Serving Size: 1 slice (54g) Servings Per Batch: 16 Amount Per Serving: Calories: 160 Calories from Fat: 45 Total Fat: 5g Saturated Fat: 3g Trans Fat: 0g Cholesterol: 25mg Sodium: 200mg Total Carbohydrate: 24g Dietary Fiber: 1g Sugars: 6g Protein: 4g

* The nutrition information provided for this recipe is determined by the ESHA Genesis R&D software program. Substituting any ingredients may change the posted nutrition information.


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  • star rating 04/04/2015
  • Barbara from Colorado Springs, Colorado
  • My cinnamon bread split in the middle. I am in Colorado's high altitude. I did add wheat gluten and extra water. I wish I knew what went wrong so I could fix it for next time.
    Splitting can also be caused by putting the bread in the oven before it's fully risen. You may have just rushed this loaf a bit, that's all. MJR @ KAF
  • star rating 03/14/2015
  • Steve from Elkton,Virginia
  • I have baked this bread at least a dozen times. The taste is great. The problem that I have had with every baking, the loaves start to collapse before they can be removed from the pan. It only gets worse after that. This time I used my KASL flour thinking that might help with the collapsing, that did not solve my problem. The dough passed the windowpane test, not overproofed, baked at 350 until internal temp was 195. That is the way I have always baked it, same result every time. Anyone have any idea why this happens ?
    It sounds like the dough is rising too long, to be honest. Try reducing the overall rising time, to give the bread better structure by the time it gets to the oven. ~ MJ @ KAF
  • star rating 03/10/2015
  • Wigglles from KAF Community
  • So darned good. I have to be on guard when I make this recipe or my husband will sit down and eat the whole loaf. I always make it when we have overnight guests.
  • star rating 03/07/2015
  • tquez46 from KAF Community
  • I made this for the first time yesterday. As I type, half the loaf is gone! My family loved this recipe! I will make this again and again.
  • star rating 02/26/2015
  • Linda from Livingston, Nee Jersey
  • This is a really delicious and easy to make bread. I added raisins for even forx even more deliciousness. Great toasted or wonderful sandwich bread ...cream cheese and jelly or peanut butter and jelly. My mouth is watering.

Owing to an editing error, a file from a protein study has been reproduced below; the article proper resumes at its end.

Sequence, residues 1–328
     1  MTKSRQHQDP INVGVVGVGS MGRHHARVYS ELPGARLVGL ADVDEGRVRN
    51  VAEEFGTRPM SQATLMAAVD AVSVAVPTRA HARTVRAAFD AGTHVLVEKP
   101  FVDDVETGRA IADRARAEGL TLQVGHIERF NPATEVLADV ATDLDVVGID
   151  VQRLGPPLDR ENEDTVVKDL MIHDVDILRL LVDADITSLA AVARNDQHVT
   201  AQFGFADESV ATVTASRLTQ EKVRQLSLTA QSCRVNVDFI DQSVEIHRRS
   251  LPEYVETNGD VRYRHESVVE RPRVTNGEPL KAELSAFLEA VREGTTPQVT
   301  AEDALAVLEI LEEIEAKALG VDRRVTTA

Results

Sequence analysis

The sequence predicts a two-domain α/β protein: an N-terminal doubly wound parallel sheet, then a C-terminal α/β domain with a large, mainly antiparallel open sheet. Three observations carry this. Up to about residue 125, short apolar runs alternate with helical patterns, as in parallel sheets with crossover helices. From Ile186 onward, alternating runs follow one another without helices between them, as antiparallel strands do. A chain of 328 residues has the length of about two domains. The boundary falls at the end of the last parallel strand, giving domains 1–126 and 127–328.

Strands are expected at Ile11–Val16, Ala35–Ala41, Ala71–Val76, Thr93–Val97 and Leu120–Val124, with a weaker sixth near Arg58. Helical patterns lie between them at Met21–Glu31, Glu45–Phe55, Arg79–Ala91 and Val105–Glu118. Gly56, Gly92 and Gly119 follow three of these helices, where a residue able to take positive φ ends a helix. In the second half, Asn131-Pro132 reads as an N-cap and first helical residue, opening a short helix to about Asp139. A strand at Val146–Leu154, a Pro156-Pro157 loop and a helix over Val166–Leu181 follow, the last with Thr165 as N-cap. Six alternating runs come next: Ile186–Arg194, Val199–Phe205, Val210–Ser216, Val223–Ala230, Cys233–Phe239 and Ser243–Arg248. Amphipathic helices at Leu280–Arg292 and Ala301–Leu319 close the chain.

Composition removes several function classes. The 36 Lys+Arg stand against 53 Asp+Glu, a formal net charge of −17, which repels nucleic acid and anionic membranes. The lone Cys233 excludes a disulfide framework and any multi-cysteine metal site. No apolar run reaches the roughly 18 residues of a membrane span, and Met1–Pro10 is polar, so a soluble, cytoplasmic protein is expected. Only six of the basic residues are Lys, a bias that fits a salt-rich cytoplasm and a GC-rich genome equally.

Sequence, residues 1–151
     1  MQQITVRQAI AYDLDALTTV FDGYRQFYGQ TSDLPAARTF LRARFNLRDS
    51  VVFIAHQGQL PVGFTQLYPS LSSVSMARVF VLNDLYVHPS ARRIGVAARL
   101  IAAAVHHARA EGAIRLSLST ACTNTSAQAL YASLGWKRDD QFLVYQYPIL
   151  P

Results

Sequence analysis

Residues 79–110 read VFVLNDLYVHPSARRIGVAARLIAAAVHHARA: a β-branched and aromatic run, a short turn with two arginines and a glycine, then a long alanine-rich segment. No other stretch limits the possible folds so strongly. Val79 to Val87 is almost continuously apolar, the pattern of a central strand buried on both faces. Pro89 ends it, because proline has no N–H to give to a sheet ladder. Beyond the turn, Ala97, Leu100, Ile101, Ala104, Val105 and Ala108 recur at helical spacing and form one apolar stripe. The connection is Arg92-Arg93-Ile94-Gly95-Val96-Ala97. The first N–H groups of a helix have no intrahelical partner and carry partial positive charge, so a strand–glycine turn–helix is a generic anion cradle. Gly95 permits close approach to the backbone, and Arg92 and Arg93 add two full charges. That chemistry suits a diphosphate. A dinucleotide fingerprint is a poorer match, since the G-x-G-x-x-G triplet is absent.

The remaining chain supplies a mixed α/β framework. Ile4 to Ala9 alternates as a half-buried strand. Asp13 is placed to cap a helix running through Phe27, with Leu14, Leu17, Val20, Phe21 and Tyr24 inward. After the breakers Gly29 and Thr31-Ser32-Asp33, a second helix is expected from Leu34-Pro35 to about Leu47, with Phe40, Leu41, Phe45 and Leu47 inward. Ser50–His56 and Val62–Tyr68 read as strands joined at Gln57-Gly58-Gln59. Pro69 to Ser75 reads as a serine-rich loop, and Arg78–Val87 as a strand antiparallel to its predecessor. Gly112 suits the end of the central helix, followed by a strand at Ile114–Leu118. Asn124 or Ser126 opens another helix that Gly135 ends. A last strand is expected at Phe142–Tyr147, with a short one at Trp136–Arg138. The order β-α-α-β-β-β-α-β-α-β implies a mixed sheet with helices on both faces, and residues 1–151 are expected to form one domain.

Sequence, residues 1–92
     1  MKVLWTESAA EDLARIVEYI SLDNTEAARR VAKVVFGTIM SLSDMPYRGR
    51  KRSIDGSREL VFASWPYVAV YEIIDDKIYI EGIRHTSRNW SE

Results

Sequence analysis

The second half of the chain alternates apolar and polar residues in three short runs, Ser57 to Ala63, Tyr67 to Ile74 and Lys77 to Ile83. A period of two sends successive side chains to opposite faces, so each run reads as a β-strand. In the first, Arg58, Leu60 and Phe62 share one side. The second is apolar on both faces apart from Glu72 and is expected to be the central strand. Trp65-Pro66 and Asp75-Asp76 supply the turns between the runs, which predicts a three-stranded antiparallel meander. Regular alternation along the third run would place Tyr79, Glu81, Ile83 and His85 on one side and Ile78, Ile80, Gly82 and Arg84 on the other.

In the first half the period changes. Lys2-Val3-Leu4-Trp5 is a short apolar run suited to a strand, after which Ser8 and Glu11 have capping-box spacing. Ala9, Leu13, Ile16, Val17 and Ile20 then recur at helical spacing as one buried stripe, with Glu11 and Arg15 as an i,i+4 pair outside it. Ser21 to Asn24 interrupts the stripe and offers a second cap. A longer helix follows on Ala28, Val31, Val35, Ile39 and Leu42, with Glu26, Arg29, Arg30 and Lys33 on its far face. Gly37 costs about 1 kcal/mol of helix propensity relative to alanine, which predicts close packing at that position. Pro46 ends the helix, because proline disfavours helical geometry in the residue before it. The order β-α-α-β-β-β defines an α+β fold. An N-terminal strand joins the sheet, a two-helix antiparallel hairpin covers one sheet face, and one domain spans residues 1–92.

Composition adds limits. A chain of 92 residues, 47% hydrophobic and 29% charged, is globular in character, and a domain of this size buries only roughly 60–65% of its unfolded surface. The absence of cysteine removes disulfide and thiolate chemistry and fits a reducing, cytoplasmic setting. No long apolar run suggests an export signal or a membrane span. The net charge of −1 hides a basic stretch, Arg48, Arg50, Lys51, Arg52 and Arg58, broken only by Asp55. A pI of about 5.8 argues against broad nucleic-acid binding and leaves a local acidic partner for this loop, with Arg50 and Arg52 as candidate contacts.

• 02/18/2015
  • samina from mumbai
  • hi what is mashed potato flakes.please let me know as i would love to try this thank u
    That would be instant mashed potatos, such as Idahoan or Potato Buds ~ MJ
  • star rating 01/25/2015
  • AustinKK from Austin
  • This is a delicious bread recipe but it needs more cinnamon. It is very easy, and the texture is excellent. It patted out extremely well (I used ray's roll dough enhancer) and I didn't get any gaps. I will make again but I will double cinnamon.
  • star rating 01/17/2015
  • iddilb from KAF Community
  • I baked this bread for the first time today. The taste is great! The temperature of the bread when I took it out was a little bit more than 190 degrees, but when I sliced the bread the crumb seemed a little "wet". What should I do differently the last time. I used 1/4 cup "potato starch" (Isn't that the same thing as potato flour?) Thanks. HI there. Good question on the potato. Potato starch and potato flour are not the same, and unfortunately are not the same when it comes to baking. If you used starch instead of the flour, that would definitely cause the wet gumminess you experienced. For breads, it's best to stick with the potato flour specifically for best results. Best, ~ MJ
  • star rating 10/31/2014
  • Raymond Gravel from Clover, S.C.
  • First time making the cinnamon bread. When it it all came together wasn't sure it was right. Let it proof. After proofing it was great . I doubled the batch right off . Very daring on my part. . ANY way After The First Proof I Cut The DRUG IN half. Split into 2 bread pans . Baked for 40 minutes. Came out spectacular! I forgot to tent with foil . But that didn't affect the final product. I shared a loaf with my neighbor. She was ecstatic!
  • star rating 10/20/2014
  • Kim from Florida
  • This bread is delicious, but I keep getting some gaps in the cinnamon swirl. I followed the recipe exactly and I am not sure why I am having this problem. It seems that butter between the layers causes gaps, or using too much filling. You may have a bit of filling left over but that's okay. Laurie@KAF